In the world of business aviation, the Robert E. Breiling Associates company in Boca Raton, FL provides highly detailed statistics on business aircraft accidents and is recognized as a leader in the field. The company recently released its 1st quarter results which are notable in that they show an increase in turboprop aircraft accidents and a large deterioration in the safety of aircraft charter operations.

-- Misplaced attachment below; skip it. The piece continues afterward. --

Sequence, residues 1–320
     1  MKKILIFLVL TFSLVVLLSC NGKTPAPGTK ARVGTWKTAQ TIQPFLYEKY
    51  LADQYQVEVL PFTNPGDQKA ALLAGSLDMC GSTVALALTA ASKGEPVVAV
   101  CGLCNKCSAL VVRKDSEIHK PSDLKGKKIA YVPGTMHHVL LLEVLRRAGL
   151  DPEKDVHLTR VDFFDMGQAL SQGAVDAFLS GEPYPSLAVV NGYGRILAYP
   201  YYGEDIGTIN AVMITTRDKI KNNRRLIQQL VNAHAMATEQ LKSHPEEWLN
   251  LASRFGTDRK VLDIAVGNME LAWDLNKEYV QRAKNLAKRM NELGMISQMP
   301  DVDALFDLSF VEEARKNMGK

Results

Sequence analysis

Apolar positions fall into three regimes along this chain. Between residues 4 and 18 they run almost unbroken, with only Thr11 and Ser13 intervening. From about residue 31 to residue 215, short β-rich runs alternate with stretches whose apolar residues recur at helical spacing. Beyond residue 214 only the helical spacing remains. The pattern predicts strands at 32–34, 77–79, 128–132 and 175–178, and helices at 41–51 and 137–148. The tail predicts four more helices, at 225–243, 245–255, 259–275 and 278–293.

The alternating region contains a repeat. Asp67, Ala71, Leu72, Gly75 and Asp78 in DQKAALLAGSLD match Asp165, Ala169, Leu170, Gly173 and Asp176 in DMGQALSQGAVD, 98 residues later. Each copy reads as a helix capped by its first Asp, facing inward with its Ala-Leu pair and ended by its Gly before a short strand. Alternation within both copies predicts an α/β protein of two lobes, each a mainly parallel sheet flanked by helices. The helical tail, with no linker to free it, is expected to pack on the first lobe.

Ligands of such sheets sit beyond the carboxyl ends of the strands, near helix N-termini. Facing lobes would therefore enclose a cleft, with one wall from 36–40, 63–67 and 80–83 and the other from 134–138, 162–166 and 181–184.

Since January 1st there have been 15 accidents in turboprop aircraft, of which 3 were fatal with a total of 7 deaths. Last year, by comparison, there were only 8 accidents in turboprop aircraft resulting in 3 fatalities. But when we look at the aircraft charter business we find that accidents increased from 2 last year with no fatalities to 10 accidents this year one of which was fatal. This is a 5 times increase over the same period last year. Moving on to bizjets, there was just 1 accident so far this year, but it was fatal for the 2 pilots in a Lear 35A accident near Chicago, IL. Last year, for the same period, there were 3 non-fatal accidents in business jet aircraft. It would be interesting to know how much flight activity there was last year by these classes of aircraft versus the flight activity for this year. If we knew the number of flight hours we could more properly relate this apparent increase in accidents. When looking at safety in aviation it is important to not just relate stark numbers. For example, the airline safety numbers are compared to passenger seat miles in order to give a more accurate measure of accidents and the results thereof. While the loss of life in the hundreds is terrible, compared to automobile accidents it is a very small number. The difference, of course, is that we are looking at a lot of deaths in the same location at the same time in the same accident. With auto deaths they are spread out and so don't provide the same impact even though there are significantly higher rates in cars than planes. What do you think? Until next time keep your wings straight and level Hersch! JetAviator7 There is no problem so complex that it cannot simply be blamed on the pilot. — Dr Earl Weine ps: Don't forget to sign up for our newsletter "All Things Aviation" here!